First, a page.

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Goal: Apply Knowledge Globally Fire and fungi and bugs, oh my!

Tree damage assessments have been included in state-level forest surveys since the 1930s, when the Forest Service began gathering this information. However, survey protocols have changed over time, making it difficult for the data to be used to their full potential. This research outlines the different methods employed over time and highlights how the data have and can be used.

The base of an oak tree, showing some decay
Tree condition is a key indicator of forest vigor and growth, ecological processes, and the quantity and quality of wood products. Identifying damages like decay in this oak tree is valuable information about the factors affecting forests across the landscape. USDA Forest Service photo by KaDonna Randolph.

Tree damage assessments provide a wealth of information about insects, pathogens, and other factors that affect forest health. However, these assessments have varied regionally and undergone revisions over time as information needs and technologies for data collection, storage, and analysis have evolved.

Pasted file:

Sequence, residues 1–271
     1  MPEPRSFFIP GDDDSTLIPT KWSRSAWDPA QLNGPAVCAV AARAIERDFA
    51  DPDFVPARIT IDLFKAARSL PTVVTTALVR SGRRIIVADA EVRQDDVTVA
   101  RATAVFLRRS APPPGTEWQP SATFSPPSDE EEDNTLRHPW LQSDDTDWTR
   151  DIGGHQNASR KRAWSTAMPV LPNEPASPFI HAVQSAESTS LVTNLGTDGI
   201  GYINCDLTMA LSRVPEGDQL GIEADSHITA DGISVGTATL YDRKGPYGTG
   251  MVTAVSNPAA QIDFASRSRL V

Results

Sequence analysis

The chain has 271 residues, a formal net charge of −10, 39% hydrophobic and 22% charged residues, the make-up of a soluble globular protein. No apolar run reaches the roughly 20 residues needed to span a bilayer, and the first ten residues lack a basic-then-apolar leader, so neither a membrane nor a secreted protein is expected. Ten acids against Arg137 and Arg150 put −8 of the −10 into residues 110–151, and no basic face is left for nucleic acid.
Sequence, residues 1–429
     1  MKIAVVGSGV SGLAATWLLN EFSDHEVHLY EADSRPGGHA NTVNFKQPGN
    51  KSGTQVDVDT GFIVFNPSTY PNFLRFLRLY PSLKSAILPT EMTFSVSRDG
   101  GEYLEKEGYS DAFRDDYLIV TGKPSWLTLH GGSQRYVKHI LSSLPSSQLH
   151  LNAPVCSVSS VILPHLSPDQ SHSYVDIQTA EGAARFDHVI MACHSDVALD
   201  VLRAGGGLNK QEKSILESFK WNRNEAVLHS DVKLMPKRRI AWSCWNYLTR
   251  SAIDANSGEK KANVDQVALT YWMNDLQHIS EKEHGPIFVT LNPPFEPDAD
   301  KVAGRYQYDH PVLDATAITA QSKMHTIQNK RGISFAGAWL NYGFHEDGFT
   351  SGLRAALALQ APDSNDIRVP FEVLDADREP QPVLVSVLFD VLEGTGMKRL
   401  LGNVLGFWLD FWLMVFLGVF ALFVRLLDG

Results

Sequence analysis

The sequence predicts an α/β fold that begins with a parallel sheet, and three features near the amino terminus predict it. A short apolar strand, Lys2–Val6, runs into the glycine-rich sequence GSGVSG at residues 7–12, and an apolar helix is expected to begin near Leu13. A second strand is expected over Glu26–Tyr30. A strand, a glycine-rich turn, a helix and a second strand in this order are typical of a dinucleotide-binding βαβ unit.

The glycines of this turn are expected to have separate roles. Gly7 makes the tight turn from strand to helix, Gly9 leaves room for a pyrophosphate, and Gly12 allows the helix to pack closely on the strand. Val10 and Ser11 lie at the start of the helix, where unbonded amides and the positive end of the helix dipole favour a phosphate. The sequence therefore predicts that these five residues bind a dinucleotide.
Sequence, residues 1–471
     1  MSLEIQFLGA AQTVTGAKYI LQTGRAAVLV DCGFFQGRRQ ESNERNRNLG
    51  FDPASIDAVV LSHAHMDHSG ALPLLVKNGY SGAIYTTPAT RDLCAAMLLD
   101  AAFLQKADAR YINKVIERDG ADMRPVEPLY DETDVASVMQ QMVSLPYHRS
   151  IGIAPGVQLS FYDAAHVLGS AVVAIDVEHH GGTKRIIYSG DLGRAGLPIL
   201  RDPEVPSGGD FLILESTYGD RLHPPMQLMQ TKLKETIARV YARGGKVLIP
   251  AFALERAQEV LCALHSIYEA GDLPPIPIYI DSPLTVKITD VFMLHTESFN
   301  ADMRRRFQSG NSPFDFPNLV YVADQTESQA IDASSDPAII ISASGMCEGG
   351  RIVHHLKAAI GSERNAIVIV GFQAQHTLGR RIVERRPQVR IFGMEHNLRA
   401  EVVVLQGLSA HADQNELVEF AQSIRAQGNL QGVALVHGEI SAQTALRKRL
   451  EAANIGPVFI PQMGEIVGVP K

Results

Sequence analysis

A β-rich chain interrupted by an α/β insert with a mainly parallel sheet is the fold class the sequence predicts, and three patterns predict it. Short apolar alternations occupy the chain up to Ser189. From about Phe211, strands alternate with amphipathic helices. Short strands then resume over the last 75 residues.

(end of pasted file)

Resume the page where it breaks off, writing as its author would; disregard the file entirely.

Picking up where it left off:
Users of Forest Service Forest Inventory and Analysis (FIA) data have noted difficulty in interpreting inventory protocols and database codes and asked for better documentation. This research addresses their appeals and is part of an ongoing effort to effectively engage a diverse public.

FIA aims to help users of these datasets understand how the inventory can identify where insects, pathogens, and disturbances are damaging trees, where changes in growth and mortality are likely to be significant, and what future forest conditions may be if no management action is taken.

The research describes recent damages to major tree species in the U.S. It also demonstrates the power of coupling FIA damage assessment data with aerial and terrestrial detection surveys. By preserving cross-regional institutional knowledge this work stewards past investments, stimulates current productivity, and fosters future efficiency.

Principal Investigators
KaDonna Randolph, Research Mathematical Statistician
Kerry Dooley, Forester
4801 - Forest Inventory and Analysis
Strategic Program Area
Inventory and Monitoring
Past and present individual-tree damage assessments of the US national forest inventory
Research Partners
John D. Shaw - Rocky Mountain Research Station
Randall S. Morin - Northern Research Station
Christopher Asaro - Forest Health Protection, Southern Region
Marin Palmer - Pacific Northwest Region